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The UK’s pick ‘n’ mix approach to children’s obesity is missing a trick

Category: Science blog August 18, 2017 Linda Bauld 5 comments

Credit: Flickr/CC BY 2.0

It’s a year since the UK Government published its plans to tackle children’s obesity. The announcement came after months of deliberating over the evidence and promises of tough action, but the plans simply weren’t tough enough.

A lot has happened since, not least a general election. But while the political landscape has changed, the UK’s shockingly high rates of obesity haven’t.

Despite setting a vague target to “significantly reduce” levels of children’s obesity by 2026, there are vital steps that still need to be taken to get there, including defining what ‘significantly’ really means.

The Government wanted its plans to be the “start of the conversation” about tackling children’s obesity. So what’s been talked about over the last 365 days?

Today, Public Health England has announced it will be taking steps to help crack down on the hidden calories in food and drink. It’s another step towards comprehensively tackling children’s obesity, the harms of which remain enormous.

Children’s obesity remains a big problem

Children’s obesity is one of the biggest health epidemics the UK faces. Obesity is the biggest preventable risk factor for cancer in adults after smoking, and an obese child is 5 times more likely to be obese as an adult.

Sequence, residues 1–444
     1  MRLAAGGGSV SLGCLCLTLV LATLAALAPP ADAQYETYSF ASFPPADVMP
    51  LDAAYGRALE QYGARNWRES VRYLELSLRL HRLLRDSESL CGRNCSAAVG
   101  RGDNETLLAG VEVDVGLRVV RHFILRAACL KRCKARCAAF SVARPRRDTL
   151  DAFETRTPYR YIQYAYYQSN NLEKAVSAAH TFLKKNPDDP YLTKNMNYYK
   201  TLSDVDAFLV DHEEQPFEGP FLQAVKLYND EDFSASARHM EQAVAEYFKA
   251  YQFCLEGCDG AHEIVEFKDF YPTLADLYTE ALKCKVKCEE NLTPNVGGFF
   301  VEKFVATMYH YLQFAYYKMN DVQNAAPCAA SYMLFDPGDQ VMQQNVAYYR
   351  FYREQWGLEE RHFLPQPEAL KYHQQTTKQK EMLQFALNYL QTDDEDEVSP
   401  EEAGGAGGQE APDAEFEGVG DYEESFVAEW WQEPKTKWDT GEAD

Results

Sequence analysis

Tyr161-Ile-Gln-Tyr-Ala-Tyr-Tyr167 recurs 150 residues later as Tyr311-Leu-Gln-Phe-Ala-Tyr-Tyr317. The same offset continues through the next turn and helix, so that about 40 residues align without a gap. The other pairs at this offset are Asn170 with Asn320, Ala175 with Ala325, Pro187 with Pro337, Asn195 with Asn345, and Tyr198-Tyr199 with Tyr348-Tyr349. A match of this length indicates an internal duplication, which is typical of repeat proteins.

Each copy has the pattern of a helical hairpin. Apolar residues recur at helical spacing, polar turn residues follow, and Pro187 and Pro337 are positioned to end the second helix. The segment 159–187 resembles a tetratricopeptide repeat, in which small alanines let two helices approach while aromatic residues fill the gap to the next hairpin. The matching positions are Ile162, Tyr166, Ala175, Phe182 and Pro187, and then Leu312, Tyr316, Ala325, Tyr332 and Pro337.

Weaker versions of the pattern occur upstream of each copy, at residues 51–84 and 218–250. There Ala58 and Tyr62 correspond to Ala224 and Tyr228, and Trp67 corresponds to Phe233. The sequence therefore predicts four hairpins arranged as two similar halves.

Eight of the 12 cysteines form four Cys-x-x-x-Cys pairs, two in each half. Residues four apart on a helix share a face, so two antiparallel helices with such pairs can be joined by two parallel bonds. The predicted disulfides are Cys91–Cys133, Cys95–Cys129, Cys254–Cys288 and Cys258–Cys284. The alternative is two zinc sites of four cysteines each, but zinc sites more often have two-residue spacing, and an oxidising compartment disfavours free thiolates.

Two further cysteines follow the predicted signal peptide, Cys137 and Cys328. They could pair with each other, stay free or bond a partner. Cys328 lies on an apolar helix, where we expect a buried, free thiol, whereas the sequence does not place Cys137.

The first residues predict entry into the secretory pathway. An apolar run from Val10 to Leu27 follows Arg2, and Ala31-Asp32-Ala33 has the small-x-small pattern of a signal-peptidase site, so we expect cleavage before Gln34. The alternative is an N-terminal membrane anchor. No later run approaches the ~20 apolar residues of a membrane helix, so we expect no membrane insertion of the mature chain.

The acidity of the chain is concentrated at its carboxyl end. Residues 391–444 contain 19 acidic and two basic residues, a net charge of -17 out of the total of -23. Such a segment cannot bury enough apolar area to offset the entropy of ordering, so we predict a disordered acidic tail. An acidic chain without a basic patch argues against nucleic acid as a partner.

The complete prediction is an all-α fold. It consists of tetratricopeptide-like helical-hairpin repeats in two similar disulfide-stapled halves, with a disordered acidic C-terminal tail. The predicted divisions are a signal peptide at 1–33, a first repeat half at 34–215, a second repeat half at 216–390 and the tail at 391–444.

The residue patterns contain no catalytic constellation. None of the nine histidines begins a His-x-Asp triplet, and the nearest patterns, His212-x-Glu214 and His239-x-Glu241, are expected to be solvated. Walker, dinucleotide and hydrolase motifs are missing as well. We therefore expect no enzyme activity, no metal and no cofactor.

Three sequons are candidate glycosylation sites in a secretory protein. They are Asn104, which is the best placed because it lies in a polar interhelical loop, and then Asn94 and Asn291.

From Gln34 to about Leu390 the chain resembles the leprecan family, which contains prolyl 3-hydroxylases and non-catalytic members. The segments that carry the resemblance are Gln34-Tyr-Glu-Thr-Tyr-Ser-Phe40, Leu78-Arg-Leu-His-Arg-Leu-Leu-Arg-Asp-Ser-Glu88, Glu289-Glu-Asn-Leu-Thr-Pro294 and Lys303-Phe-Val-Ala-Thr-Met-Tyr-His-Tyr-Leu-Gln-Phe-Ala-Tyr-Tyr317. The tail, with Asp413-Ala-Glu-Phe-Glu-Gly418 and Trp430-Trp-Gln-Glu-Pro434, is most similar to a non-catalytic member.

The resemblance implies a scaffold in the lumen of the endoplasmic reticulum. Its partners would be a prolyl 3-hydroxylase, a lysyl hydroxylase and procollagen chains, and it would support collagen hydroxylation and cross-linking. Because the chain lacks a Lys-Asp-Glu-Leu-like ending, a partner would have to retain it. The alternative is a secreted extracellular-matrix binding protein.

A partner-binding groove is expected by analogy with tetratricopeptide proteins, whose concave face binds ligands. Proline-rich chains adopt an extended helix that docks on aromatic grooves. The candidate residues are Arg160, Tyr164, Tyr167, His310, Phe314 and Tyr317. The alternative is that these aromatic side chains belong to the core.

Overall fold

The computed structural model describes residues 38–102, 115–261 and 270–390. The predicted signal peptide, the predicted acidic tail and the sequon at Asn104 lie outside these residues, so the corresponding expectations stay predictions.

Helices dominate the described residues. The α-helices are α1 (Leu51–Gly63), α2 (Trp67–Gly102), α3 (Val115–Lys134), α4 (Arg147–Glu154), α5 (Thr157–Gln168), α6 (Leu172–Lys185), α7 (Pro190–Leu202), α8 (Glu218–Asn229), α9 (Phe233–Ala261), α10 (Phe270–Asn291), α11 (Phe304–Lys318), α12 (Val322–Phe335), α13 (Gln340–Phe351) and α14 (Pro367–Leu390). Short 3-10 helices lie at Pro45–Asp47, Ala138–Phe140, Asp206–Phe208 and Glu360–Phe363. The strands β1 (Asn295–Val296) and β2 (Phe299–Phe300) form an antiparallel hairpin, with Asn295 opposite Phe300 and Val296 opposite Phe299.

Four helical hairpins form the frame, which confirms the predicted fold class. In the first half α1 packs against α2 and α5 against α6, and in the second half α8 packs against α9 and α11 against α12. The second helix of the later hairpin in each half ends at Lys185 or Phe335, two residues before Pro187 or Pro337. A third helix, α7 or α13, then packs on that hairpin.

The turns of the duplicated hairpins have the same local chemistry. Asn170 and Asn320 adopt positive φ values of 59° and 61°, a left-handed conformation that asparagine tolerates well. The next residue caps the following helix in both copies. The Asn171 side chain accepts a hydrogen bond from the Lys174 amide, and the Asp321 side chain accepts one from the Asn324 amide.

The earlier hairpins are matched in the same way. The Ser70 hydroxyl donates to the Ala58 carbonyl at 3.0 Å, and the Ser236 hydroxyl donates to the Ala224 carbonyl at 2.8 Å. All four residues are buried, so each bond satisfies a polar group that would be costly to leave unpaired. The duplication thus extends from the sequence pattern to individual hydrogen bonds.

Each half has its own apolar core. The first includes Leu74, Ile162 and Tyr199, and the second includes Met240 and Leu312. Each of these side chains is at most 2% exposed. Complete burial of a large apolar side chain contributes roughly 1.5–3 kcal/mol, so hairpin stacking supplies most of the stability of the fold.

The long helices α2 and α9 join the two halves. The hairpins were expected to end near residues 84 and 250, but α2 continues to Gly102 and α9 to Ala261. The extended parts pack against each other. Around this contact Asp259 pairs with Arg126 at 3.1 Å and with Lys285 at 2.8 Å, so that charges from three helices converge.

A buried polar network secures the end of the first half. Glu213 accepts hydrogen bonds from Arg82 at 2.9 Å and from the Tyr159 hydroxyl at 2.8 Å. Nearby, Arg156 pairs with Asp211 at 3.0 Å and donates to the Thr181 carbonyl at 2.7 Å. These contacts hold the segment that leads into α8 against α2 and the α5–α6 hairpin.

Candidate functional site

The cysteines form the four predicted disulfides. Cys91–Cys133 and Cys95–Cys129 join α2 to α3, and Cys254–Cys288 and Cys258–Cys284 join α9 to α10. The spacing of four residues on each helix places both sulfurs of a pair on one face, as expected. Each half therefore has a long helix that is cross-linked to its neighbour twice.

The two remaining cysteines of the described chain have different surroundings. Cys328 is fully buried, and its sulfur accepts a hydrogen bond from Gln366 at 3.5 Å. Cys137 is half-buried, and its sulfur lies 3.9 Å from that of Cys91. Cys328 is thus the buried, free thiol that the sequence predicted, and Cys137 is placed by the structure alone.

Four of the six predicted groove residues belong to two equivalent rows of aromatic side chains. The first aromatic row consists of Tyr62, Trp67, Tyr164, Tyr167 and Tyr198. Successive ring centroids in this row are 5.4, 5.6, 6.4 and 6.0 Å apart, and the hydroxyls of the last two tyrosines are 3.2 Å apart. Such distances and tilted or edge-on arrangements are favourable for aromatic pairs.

Acting early provides the best chance of preventing disease in future, and yet 1 in 3 English kids are overweight or obese before they get to secondary school. This is a trend that could see obesity cause 670,000 cases of cancer in the UK in just two decades.

Full marks on fizzy drinks

The standout positive of 2017 has been the Government’s soft drinks industry levy – more commonly referred to as the ‘sugar tax’.

Despite only being part of a child’s diet, sugary drinks are a very important place to start in tackling obesity. Kids get more added sugar from these drinks than anything else, drinking an average of 1 can almost every 48 hours, or a bathtub a year.

The tax is based on the amount of sugar in fizzy drinks, and the cost is shouldered by drinks companies. With the profits from the tax being ring-fenced for school sport and breakfast clubs, it shows how this type of tax can be used as a force for good.

And even though the tax doesn’t come in to force until April 2018, it’s already producing positive results as companies anticipate its arrival. Drinks companies have begun tweaking their product range and offering a larger variety of low-sugar options, rather than face the penalty of the tax.

Hijacking hidden calories

In the last year the Government has also begun working with the food industry to tackle the sugary foods that children eat most, such as breakfast cereals and biscuits. They’ve set a voluntary target for companies to reduce sugar in some products by 20% by 2020 – a process called reformulation.